I'm an associate professor at the Linguistics Deparment and the Sagol School of Neuroscience in Tel Aviv University. I'm a psycholinguist studying sentence processing, and in the past I've also done a lot of research on theoretical linguistics and neurolinguistics.
Here's my website.
My research focuses on lexical information associated with verbs (i.e., thematic frames, verb bias, and argument mapping properties) and investigates when and how, during processing, these information types become accessible and influence parsing.
My research explores a language-processing approach to the textual variants between the Massoretic text and the Great Isaiah Scroll from Qumran. Based on hypotheses and findings relating to reading, immediate sentence recall, writing, and the dynamics of working memory in these processes, I seek to determine which variants may be ascribed to the copying process.
My main research interests are the interaction between working memory mechanisms and sentence processing, and the functions and behavior of resumptive pronouns. My work examines the processing and comprehension of center embedding sentences, and the different factors (such as agreement and resumption) that affect them.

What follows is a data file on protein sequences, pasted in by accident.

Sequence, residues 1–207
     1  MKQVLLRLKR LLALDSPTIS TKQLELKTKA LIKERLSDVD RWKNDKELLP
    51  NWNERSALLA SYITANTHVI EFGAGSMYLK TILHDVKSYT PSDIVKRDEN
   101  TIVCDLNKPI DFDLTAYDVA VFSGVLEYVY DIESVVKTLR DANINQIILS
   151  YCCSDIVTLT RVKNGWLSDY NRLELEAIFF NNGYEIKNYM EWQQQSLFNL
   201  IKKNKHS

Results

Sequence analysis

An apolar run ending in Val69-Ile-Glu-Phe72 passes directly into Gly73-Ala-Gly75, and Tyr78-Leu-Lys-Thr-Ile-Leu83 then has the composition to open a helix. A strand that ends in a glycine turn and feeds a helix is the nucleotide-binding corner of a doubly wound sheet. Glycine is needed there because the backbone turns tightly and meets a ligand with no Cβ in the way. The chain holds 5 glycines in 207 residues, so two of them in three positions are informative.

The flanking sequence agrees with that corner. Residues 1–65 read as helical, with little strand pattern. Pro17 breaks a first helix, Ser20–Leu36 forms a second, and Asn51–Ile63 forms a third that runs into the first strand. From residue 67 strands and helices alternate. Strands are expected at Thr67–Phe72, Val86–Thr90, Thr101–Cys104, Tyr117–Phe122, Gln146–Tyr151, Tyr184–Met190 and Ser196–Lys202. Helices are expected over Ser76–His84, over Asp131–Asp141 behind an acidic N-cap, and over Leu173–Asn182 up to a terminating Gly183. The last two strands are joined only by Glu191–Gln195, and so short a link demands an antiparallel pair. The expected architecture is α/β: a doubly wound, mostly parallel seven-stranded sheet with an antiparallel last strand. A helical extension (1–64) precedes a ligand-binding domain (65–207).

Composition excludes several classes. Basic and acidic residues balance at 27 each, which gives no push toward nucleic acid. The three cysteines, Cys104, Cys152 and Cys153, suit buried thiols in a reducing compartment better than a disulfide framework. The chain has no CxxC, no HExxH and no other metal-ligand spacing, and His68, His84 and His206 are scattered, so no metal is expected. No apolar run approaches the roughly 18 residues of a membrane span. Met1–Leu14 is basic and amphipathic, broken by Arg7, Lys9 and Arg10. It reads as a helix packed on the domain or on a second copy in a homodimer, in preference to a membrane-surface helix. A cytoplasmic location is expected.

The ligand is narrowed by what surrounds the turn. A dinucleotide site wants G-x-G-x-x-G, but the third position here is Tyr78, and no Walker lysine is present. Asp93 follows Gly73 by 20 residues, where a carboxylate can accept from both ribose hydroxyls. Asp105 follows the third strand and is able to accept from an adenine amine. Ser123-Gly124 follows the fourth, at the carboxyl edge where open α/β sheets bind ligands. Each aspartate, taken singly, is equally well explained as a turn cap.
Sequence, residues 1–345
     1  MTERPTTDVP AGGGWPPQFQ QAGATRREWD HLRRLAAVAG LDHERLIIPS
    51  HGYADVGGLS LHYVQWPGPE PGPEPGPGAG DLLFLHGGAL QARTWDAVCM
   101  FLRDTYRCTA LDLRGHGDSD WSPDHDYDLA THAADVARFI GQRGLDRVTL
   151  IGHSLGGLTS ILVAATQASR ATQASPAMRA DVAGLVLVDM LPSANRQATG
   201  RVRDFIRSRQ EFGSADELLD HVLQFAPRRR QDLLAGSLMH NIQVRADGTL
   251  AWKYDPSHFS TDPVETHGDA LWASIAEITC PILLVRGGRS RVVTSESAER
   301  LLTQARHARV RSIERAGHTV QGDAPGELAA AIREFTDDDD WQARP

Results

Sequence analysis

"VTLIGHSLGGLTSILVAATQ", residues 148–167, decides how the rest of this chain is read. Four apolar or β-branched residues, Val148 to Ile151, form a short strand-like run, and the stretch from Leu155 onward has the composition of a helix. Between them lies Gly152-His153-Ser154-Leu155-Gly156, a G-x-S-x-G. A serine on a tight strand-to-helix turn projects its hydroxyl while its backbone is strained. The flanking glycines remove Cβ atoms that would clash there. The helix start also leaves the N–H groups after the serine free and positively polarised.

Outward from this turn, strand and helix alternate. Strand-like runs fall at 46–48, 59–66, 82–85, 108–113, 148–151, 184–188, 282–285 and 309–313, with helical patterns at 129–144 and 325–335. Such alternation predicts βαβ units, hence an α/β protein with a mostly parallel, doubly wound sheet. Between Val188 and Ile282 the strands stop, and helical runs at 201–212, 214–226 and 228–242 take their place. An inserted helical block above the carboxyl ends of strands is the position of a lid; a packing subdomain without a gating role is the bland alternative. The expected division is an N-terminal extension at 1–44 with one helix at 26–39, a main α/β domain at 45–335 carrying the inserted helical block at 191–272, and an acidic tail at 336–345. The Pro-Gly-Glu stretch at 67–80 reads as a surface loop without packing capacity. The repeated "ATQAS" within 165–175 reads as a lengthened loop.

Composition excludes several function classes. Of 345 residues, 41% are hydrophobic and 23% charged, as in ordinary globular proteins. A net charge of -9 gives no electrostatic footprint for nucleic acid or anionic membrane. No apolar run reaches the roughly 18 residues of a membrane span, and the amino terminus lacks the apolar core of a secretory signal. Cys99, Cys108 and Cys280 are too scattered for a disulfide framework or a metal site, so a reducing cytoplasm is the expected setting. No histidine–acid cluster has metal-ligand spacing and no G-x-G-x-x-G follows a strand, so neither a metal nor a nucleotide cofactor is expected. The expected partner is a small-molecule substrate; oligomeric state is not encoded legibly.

I am currently focusing on agreement attraction in Hebrew comprehension, with an emphasis the relationship between agreement attraction and the processing of filler-gap dependencies, and their effects on each other.
My research interests include the cognitive mechanisms of agreement processing and production. My current work focuses on the role of lexical and morphological information during agreement processing, specifically in cases of conflict between the two.
My research focuses on agreement attraction in Hebrew comprehension. My main interest is to explore agreement attraction in gender and the interaction of several agreement features, both in regular and irregular forms.
M.A. Student & Lab Manager
my research interest is encoding interference, I am currently focusing on the difference in resistance to interference between filler-gap dependencies and subject-verb dependencies.